Released in August 2016, No Man’s Sky, an action-adventure game released for the Playstation 4, hoped to revolutionize the gaming industry. However, the game is now considered one of the biggest scams in the gaming industry.
Initially announced at the 2013 VGX award show, hype began building almost immediately as the game that gamers have been waiting for. The premise of the game is based on “four pillars,” said lead developer Sean Murray, with those four principal activities being exploration, crafting, trading, and combat as players assume control of a galactic explorer throughout an uncharted galaxy.
The uniqueness of this game arises in its procedurally generated planets and contents of the planets, meaning that no two people will experience the same game. The game uses a deterministic algorithm that derives from a single seed number to create eighteen quintillion unique planets. The player is given what is called a “multitool” to aid in the search for minerals and even defend themselves from creatures that inhabit the planet.
No Man’s Sky was heavily marketed as “the game of the future,” and developer Sean Murray was quoted promising features such as “a coexistence between players in a large universe, but it’s unlikely that anyone will meet another player considering how large each universe is.” This claim was thwarted on the first day of release, with two players meeting each other in the game by chance. From this point on, it is has been determined by critics and gamers that No Man’s Sky was nothing more than a game full of lies.
Advertisements used to promote the game were claimed to be screenshots, but were revealed to be pre-rendered images to make the graphics seem sharper and more realistic than they are in actuality. The final trailer for the game showed a diverse planet robust of plant life and life forms, but was determined to be pre-rendered footage to again make the game seem much more interactive. Multiplayer was promised, but ceased to be actual multiplayer, with many players not even being able to see others, and the list of complaints continues.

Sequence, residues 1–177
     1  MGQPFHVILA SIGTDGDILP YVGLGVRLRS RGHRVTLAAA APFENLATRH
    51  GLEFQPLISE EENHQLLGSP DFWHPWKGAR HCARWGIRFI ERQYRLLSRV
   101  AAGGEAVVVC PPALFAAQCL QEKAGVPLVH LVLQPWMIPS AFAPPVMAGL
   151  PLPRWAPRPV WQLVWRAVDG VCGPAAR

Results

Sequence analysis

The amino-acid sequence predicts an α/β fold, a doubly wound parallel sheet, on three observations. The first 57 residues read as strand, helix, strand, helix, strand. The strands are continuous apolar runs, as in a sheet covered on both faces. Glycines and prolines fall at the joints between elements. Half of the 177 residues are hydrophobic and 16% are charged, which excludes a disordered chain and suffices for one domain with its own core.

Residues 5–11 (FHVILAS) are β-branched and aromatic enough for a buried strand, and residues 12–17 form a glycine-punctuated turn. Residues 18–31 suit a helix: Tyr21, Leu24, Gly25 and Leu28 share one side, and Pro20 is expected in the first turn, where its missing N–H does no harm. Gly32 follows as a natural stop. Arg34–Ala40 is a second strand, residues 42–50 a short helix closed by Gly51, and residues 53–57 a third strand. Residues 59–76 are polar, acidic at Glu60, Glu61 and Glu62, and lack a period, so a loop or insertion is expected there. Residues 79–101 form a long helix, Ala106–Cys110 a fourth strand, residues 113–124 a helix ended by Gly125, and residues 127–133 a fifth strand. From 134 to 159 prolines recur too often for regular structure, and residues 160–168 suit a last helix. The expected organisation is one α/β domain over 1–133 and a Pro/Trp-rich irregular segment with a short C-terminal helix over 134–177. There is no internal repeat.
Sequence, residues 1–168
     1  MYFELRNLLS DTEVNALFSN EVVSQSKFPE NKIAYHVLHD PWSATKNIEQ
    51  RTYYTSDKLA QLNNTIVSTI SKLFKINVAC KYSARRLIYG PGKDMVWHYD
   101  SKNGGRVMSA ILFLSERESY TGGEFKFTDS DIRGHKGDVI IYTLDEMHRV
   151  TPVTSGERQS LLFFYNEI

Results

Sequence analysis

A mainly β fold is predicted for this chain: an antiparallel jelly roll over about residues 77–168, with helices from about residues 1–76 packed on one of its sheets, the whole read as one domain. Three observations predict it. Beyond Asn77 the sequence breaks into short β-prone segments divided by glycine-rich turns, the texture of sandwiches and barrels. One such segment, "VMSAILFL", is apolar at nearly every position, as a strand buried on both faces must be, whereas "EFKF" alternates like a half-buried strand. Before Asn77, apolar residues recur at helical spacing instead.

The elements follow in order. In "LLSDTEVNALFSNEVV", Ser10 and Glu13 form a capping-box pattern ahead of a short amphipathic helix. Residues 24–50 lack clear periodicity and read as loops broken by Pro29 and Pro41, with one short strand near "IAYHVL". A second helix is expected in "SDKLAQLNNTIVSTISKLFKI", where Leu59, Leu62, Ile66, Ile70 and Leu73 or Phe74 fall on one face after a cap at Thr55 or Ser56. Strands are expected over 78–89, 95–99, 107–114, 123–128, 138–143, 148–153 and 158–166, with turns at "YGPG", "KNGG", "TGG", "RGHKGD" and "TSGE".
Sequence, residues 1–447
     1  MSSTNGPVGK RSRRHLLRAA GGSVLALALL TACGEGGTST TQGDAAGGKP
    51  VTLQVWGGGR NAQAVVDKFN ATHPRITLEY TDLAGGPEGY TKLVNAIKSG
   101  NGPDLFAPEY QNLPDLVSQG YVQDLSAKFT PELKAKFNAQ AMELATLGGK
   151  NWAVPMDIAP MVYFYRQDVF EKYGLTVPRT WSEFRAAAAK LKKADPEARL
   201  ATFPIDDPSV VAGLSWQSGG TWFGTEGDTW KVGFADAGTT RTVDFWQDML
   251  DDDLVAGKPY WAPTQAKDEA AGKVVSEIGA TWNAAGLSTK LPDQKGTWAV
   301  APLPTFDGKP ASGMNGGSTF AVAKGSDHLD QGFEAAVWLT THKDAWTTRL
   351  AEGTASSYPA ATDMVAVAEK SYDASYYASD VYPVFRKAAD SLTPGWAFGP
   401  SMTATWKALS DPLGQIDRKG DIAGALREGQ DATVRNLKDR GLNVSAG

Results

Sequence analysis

In its review of the game, the Polygon website described the game as “a mile wide, but an inch deep,” citing the countless numbers of planets to explore, but explaining that each planet seems to be the same planet with a different skin. On the gaming platform Steam, No Man’s Sky holds a twelve percent rating and has the highest number of game refunds since Steam’s inception.
Seemingly adding insult to injury, it has been announced by the Advertising Standards Authority that they have launched an investigation on the game as “screenshots on the Steam store depict a differing form of combat than what is actually available in game” according to the PC Gamer website. As a result of No Man’s Sky, Steam now requires promotional screenshots to be actual in-game footage.
Unfortunately, No Man’s Sky is not the game that it was said to be. Could the disappointment be attributed to the unprecedented level of hype that this game received? Possibly. Regardless of the anticipation, no game should have this many fallacies on release. Hopefully other developers take notice and make quality games that are free of bugs and glitches.